August 06, 2008

Column could use a snappier name

As published in The Erin Advocate

When I told a friend I would be writing an opinion column, she said, “That sounds great. You won’t even need to know what the heck you’re talking about.”

Fortunately, being right all the time is not in the job description, at least when it come to opinions. I may be right all the time, as I sometimes convince myself, but it is not a requirement.

When I was a news reporter, it was simple. You found out the important details of an issue and got other people to give their opinions on it. They were the ones who would feel the heat if others disagreed.

Now here I am with the freedom the pick my own topic, and sound off as I please. I have not been elected, but I have my own little soapbox to stand on. I have not been ordained, but I can preach weekly. It is a frightening prospect, both for myself and for readers.

I have been cautious so far, and I know of no complaints to the editor. Perhaps I need to try harder.

Often it is not about being right, but about covering the interests of people who care about a topic. Recently I wrote about tourism, mentioning local shops, restaurants, natural attractions and accommodations. My friend Neville Worsnop, of Century Church Theatre in Hillsburgh, pointed out that I did not mention theatre. It was a valid point, because live theatre does draw people to small towns, and they spend money on other things while visiting.

Theatre never crossed my mind while writing that piece, though I have spent years volunteering to support it in Erin. When I fail to notice the obvious, I blame the advance of years, but I never get any sympathy.

Concentrate, Phil. The column is almost half done. Time to broach the main topic.

When I wrote the first column, I suggested to Joan Murray that we not have an official name, since I could not think of a good one. To my surprise, she gave it a name anyhow: “Life in the Town of Erin”.

This is intended to serve until we come up with some other inspiration. Or we could make it permanent, which would be all right. It stresses the local angle and imposes no other restrictions.

But maybe the column could use a snappier name. Something a little edgy, but not so edgy as to alienate any major sectors of the population. A clever combination of words to entice busy readers to tarry a while.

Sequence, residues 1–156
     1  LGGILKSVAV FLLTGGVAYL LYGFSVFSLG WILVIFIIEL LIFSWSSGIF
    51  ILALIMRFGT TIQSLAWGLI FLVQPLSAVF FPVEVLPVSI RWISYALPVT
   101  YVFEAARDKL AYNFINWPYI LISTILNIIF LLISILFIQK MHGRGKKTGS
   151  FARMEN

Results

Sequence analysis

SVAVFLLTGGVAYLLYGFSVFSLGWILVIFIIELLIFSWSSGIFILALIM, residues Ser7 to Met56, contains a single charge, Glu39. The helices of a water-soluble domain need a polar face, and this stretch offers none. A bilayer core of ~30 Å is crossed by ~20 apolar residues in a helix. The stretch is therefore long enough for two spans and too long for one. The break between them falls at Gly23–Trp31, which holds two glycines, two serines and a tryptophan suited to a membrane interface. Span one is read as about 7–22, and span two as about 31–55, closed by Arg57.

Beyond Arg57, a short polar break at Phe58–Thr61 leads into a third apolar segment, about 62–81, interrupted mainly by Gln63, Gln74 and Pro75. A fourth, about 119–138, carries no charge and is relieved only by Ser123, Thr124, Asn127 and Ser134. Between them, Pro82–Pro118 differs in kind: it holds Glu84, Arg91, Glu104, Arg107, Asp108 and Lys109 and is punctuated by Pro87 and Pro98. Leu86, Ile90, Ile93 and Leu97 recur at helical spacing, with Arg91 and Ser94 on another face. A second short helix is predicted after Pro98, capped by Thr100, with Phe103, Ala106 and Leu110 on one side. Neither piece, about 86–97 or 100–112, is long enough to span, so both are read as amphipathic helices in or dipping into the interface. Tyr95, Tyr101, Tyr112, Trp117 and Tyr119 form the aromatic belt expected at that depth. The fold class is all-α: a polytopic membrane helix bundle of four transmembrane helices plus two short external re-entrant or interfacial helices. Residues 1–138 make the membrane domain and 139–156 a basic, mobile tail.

And who better to help with naming than the valiant readers who have made it this far? If you have suggestions for a column name, mail them to the address on page 6, or email them to: There is no prize, other than having your name in the paper (plus bragging rights) if yours is chosen. I may mention other submissions as well, and I promise not to make fun of any of them.

To help the process along, here are some of the name ideas that have already been considered.

The Way I See It: I was thinking of this one, but while I was thinking, my tennis buddy Bruce Hood went and took it for his column. Sheesh. As they say at Sunday Morning Tennis, if you snooze, you lose.

Horsefeathers: A bit too agricultural.

Off on a Tangent: Still a possibility, since it describes my normal method of processing ideas, but it is unclear if that should be encouraged.

The Devil’s Advocate: Somewhat appealing, since it plays on the newspaper name. It suggests a writer who takes a contrary view just for the sake of argument. That is not how I want to be, especially not all the time, and the negative slant would be hard to maintain.

Sunshine Sketches of a Little Green Town: Upbeat, but presumptuous, to say the least. The Irish twist is insufficiently subtle, and the extra-terrestrial allusion (little green men) could cause some to take offence. Nothing but trouble. Rejected.

Some people say I have a slight tendency to over-analyze. Others call it severe. I am still trying to figure out which group is right. What if the first group is just being polite, or worse – sarcastic? Maybe they are both partially right. In any case, I doubt that both are completely wrong.

My computer has an alarm that sounds when a column hits 700 words, and it has been going for a while, so I must wrap it up.

Maybe I should stick with Life in the Town of Erin. Let me know.

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